Wednesday, August 12, 2009

The Dollar and Gold: A Contrarian Take

The dollar is doomed and gold is heading to $2,000 an ounce. Agreed, but not just yet.

Please stop me before I go contrarian again! Oh, too late: three cheers for the U.S. dollar. Analysts bullish on the dollar shrank to the vanishing point recently--by one count, only 3% of those foolish enough to offer an opinion were bullish on the buck.

That extreme of sentiment is a very reliable indicator that the trend is about to reverse.

Respected Elliott Wave analyst Robert Prechter came out today with a call for a stronger dollar, and since Mr. Prechter apparently made a February call for his clients to sell their shorts and go long, anticipating a market rise in early March, his opinion carries a certain heft.

But let's not rely on anyone else's analysis, though we will certainly study it.Here are two simple weekly charts of the U.S. dollar and its dancing partner, gold (the tracking ETF, GLD). As always, please read the HUGE GIANT BIG FAT DISCLAIMER below; this is not investment advice, it is merely the free wanderings of an amateur observer.

For something that is supposedly doomed, the dollar is looking extremely bullish to my amateur eye. Gee, there's a huge bullish cross in this chart--the 50-day moving average (MA) has crossed above the 200-day MA, indicating a long-term reversal of downtrend to uptrend. Funny nobody mentions that--perhaps because it doesn't fit their pre-formed opinion that the dollar should collapse?

Hey, I agree, it will collapse eventually, but this chart suggests it has a good rally in it over the next few months or perhaps even the next few years.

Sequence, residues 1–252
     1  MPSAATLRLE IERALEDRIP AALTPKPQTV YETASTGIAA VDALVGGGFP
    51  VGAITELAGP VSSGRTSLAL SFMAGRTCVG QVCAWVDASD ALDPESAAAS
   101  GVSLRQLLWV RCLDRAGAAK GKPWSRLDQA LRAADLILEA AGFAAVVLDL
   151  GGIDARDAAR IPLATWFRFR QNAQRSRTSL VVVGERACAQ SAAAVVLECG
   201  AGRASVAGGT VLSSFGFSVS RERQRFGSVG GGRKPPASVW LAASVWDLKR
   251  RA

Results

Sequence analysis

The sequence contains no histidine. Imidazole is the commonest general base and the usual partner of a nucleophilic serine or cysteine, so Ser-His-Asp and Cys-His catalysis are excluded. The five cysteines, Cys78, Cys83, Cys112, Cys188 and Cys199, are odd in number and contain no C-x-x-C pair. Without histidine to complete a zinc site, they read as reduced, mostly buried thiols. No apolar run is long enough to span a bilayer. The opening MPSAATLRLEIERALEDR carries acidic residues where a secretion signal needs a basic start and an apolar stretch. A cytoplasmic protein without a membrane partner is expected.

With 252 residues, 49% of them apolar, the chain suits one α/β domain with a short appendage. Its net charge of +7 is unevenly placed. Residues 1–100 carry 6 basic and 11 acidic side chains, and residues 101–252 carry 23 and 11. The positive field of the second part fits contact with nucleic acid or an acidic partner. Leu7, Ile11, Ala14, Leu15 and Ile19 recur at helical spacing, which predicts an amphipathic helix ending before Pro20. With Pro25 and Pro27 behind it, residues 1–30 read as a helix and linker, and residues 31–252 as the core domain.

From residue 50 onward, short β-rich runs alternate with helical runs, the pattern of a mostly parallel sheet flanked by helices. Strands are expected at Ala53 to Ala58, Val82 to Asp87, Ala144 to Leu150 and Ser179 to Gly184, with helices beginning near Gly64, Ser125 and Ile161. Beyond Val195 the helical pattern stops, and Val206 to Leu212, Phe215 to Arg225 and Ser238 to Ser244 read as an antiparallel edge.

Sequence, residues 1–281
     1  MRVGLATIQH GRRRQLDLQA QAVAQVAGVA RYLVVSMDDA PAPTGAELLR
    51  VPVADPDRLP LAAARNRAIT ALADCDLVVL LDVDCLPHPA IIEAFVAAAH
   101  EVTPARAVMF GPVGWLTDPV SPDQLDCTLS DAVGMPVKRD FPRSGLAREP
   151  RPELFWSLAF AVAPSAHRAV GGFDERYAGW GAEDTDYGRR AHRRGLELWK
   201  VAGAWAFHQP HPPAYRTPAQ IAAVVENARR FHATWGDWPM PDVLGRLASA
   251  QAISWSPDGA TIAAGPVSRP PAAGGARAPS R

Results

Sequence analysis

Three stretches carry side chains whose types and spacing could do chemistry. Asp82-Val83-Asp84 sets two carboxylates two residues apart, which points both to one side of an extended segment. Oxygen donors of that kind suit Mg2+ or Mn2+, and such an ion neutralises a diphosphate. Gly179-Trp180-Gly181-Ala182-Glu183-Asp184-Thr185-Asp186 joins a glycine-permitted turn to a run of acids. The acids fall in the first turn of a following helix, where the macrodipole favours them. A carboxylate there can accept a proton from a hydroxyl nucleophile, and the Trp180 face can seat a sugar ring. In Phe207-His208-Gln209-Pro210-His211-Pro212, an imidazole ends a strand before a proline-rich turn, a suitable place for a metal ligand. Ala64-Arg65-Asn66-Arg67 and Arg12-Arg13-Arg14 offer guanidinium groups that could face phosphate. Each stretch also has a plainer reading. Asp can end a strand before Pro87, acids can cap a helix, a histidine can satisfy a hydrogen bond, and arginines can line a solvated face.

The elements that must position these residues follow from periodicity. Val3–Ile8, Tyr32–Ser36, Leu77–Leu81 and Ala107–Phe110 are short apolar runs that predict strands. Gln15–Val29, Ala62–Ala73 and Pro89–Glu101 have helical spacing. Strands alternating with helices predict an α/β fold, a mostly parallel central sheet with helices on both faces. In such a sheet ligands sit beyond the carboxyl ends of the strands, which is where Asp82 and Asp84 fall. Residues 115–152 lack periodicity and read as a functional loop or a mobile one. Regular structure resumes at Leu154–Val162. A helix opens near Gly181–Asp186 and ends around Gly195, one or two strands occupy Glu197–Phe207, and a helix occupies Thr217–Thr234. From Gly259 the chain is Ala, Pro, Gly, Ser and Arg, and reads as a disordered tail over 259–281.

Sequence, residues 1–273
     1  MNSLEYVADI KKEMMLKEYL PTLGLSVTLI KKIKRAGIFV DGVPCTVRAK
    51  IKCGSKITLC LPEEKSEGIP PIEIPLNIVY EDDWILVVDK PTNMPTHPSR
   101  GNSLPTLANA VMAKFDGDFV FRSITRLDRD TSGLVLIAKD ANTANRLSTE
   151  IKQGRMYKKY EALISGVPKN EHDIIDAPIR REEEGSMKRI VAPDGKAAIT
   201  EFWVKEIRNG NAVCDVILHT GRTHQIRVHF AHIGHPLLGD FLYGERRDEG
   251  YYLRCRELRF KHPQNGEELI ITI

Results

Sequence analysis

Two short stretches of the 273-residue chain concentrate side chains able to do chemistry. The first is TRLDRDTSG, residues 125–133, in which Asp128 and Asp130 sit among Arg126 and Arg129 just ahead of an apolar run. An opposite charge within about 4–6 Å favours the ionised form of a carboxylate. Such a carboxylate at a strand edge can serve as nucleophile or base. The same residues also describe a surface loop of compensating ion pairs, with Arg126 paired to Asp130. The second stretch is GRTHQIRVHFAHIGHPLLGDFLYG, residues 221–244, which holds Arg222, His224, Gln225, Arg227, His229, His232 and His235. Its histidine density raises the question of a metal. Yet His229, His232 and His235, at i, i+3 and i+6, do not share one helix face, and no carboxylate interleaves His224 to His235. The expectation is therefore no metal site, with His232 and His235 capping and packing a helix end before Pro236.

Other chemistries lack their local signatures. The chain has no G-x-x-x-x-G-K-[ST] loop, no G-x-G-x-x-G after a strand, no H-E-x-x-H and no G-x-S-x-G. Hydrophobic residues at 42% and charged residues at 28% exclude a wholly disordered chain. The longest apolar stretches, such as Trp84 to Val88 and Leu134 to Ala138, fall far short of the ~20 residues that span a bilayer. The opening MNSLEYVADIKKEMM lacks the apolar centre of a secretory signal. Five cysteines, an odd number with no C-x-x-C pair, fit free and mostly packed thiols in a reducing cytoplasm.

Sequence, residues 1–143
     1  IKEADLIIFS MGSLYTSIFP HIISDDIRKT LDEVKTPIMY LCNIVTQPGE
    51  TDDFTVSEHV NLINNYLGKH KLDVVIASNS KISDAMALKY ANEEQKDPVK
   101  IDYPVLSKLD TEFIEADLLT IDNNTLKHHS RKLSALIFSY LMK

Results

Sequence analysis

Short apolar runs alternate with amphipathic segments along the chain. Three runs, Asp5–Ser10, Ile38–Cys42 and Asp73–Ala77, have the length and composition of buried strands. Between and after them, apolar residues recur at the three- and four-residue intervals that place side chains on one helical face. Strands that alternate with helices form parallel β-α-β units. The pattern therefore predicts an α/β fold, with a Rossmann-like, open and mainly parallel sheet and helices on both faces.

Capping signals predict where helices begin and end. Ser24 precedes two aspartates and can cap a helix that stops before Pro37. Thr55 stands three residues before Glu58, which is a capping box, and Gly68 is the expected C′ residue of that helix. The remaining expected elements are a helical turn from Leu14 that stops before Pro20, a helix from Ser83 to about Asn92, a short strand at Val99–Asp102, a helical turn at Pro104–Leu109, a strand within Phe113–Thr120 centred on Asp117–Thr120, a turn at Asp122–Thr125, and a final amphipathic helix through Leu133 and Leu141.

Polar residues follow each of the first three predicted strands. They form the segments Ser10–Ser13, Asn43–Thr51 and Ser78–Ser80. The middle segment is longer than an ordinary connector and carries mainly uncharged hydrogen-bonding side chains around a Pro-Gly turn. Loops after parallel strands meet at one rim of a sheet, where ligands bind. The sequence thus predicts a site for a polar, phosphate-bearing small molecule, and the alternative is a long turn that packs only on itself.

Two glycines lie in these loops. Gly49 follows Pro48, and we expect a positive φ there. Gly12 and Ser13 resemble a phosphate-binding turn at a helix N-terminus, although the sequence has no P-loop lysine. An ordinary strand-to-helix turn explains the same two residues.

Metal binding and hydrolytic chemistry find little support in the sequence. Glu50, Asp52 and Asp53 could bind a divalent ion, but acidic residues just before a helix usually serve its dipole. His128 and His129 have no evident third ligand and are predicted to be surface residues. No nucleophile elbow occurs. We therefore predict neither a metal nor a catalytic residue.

Notice the histogram is divergent with price: it's been rising even as the price continued falling. That often indicates a trend reversal is close at hand. MACD and the full stochastic are crossing into very bullish signals, too.

Last but not least, the price is puling away from the lower Bollinger Band. That's a bullish indicator, too.

OK, here's Uncle Buck's dancing partner, gold. Gold usually rises when the dollar tanks, and vice-versa--they usually play see-saw for the obvious reason gold is a refuge of value when any currency loses ground against other currencies and tangible goods.

Yes, I believe gold will rise to $1,300, $2,000 and even $3,000 an ounce--but not yet. This chart is filled with reasons to doubt an advance from here. There is a major flag/pennant forming, which usually means price will soon break up or down in a big way.

Will gold break out of this flag to the upside? The evidence for such a move is skimpy, at best; volume has been declining, and both MACD and stochastics are in weak downtrends as well. Anything can happen, but just as a purely technical exercise, if you look at these charts with no preconceptions, the USD chart is looking very bullish while the GLD charts is looking tired, as if it's ready to drop.

There's another see-saw in play. The dollar's been playing see-saw with the stock market this year--when the dollar topped out, stocks hit bottom, and now stocks have peaked just as the dollar has bottomed and turned up. If the dollar does strengthen considerably, then we can expect not just gold to decline but stocks, too.

What are the fundamental reasons behind such a move up in the dollar? I have no idea. I just look at the charts--as an amateur observer, of course.

NOTE: I am pleased to announce that editor Michael Rainey at AOL's "Daily Finance" site has asked me to be a contributing blogger. My first story was posted Sunday, 8/9/09: Ten reasons to beware the Bear. I believe he was seeking a skeptic and I will try to deliver the goods.

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